Human Rights

Americas (English Edition), January-February 2012 | Go to article overview

Human Rights


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Since its beginnings more than a half of a century ago, the InterAmerican Commission on Human Rights (IACHR) has emphasized the value of the justice system as an essential component of the Rule of Law. The Commission's decisions in cases against Argentina, Chile, El Salvador, Peru, and Uruguay have made it possible to bring perpetrators to justice for their involvement in coup d'etats, murders, and the disappearances of thousands of people during authoritarian dictatorships and governments.

In 2011, another significant step was taken in this area when a law was passed in Uruguay to eliminate the statute of limitations on crimes committed during the dictatorship. By 1992, the Commission had concluded that a 1986 law permitting impunity in cases of serious human rights in Uruguay was incompatible with the American Declaration and with the American Convention on Human Rights. With the passage of the new law in October 2011, Uruguay has made significant progress in complying with the recommendations of the IACHR report and the judgment of the Inter-American Court of Human Rights in the case of Juan Gelman. Uruguay has now joined the group of countries that have chosen the path towards justice after years of impunity.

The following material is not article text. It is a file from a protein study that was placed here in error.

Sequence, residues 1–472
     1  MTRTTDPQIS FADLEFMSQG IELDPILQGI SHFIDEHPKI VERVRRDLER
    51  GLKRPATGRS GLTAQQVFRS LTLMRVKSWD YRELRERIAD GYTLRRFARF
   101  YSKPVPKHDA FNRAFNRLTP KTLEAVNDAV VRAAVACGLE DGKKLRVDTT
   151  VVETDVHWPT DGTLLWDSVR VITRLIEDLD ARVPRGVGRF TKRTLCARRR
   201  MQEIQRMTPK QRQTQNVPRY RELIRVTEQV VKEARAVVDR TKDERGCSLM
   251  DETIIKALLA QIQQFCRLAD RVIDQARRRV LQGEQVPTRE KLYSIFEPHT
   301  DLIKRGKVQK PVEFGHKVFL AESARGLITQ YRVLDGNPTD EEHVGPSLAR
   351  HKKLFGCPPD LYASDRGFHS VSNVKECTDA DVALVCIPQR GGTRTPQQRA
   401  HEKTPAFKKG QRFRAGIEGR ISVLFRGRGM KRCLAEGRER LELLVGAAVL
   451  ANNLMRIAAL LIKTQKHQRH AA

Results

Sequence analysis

After periods of authoritarian dictatorships, Uruguay and other countries in the region (Brazil, Chile, Argentina, Peru, El Salvador, and others) passed amnesty laws that allowed the murders and torture of the past to remain in impunity. These laws limited the ability to investigate serious human rights violations committed in the past and the ability to try and sentence perpetrators or to make reparations for the harm caused to the victims. When they were not able to find justice in their own countries, the victims, their family members, and human rights organizations approached the IACHR as a final alternative.

At the rime the amnesty laws were passed, a political debate began at the national and international level about the political and legal nature of these laws. One side argued that they were necessary for achieving peace and national reconciliation and that, without them, the continuity of democratic systems and of peace itself could be endangered. Another group argued that justice was a fundamental component of the Rule of Law and the only possible basis upon which to build democracy and lasting peace.

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In this context, in 1992, the IACHR issued three reports on the merits of cases involving El Salvador, Argentina, and Uruguay. …

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